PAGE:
WASHINGTON, D.C. – Congresswoman Doris Matsui (CA-06) reintroduced H.R. 2097, the Storage and Transportation of Residual and Excess (STORE) Nuclear Fuel Act. This bill creates a legislative framework to develop a consolidated interim storage program at the Department of Energy. It allows for both active and decommissioned nuclear power plants, with priority given to decommissioned plants, to move spent nuclear fuel to interim storage facilities.
“For years, the Federal government has delayed a long-term solution for spent nuclear fuel, creating an unfair and unsustainable burden on local communities,” said Congresswoman Matsui. “Local utilities, like SMUD in Sacramento, have been forced to spend millions to store this waste. I am proud to have helped secure $20 million last December for a pilot program to relocate spent nuclear fuel to interim storage facilities. However, a dedicated program is indispensable to keep communities safe from radioactive nuclear waste. The STORE Act is a responsible next step to establish this program and decouple controversial long-term policies from the urgency of quickly getting nuclear fuel out of communities that are burdened by radioactive waste. I urge my colleagues to swiftly pass this important legislation that will allow us to build out an interim program that puts communities at ease and allows communities to redevelop these decommissioned sites.”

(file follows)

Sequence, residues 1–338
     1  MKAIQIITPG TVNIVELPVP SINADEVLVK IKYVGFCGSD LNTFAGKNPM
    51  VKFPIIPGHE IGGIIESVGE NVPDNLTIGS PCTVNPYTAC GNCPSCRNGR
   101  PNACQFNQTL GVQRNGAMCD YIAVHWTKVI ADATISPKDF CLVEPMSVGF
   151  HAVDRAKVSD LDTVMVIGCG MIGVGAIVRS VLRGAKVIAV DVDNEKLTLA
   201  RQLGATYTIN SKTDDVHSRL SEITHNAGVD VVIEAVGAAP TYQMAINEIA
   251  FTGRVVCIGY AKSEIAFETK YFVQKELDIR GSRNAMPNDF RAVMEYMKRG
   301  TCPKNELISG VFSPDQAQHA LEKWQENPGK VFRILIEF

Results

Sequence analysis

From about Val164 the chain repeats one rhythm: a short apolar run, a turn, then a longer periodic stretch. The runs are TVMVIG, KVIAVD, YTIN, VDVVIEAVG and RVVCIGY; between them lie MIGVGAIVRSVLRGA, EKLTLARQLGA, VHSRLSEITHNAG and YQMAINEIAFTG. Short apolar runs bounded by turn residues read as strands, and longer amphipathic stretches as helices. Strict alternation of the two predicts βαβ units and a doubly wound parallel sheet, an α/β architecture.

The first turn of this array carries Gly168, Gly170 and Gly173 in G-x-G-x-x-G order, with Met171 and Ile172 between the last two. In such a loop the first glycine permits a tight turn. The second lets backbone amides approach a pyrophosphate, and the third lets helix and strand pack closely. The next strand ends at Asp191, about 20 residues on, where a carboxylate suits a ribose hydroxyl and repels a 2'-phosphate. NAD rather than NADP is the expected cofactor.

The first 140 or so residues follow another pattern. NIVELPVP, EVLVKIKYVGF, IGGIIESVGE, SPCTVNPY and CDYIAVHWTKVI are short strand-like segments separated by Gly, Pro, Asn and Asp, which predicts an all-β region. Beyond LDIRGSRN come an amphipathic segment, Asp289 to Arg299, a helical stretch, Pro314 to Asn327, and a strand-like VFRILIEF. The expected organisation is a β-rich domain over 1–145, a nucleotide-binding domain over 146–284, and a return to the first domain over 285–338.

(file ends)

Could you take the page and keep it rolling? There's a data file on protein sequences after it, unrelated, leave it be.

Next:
“This bill facilitates and accelerates the most viable path to fulfill the federal government’s responsibility for removal of spent nuclear fuel from legacy sites,” said Paul Lau, CEO of SMUD. “SMUD supports this robust interim storage program that will save both taxpayers and ratepayers with a safe and far more efficient system for dealing with the nation’s spent fuel. We urge support and swift passage of Rep. Matsui’s thoughtful legislation.”
The Sacramento Municipal Utility District (SMUD) – Sacramento’s public utility – stores spent nuclear fuel at the site of Rancho Seco Nuclear Generating Station, which SMUD operated until 1989. SMUD spends approximately $5 million annually maintaining the spent fuel, but the federal government has a statutory responsibility to store the material. Matsui’s legislation would, if enacted and exercised by the Secretary of Energy, provide a path to move spent nuclear fuel and lead to the elimination of these costs. Currently, SMUD must periodically recover federal funding through lawsuits to reimburse its storage costs.
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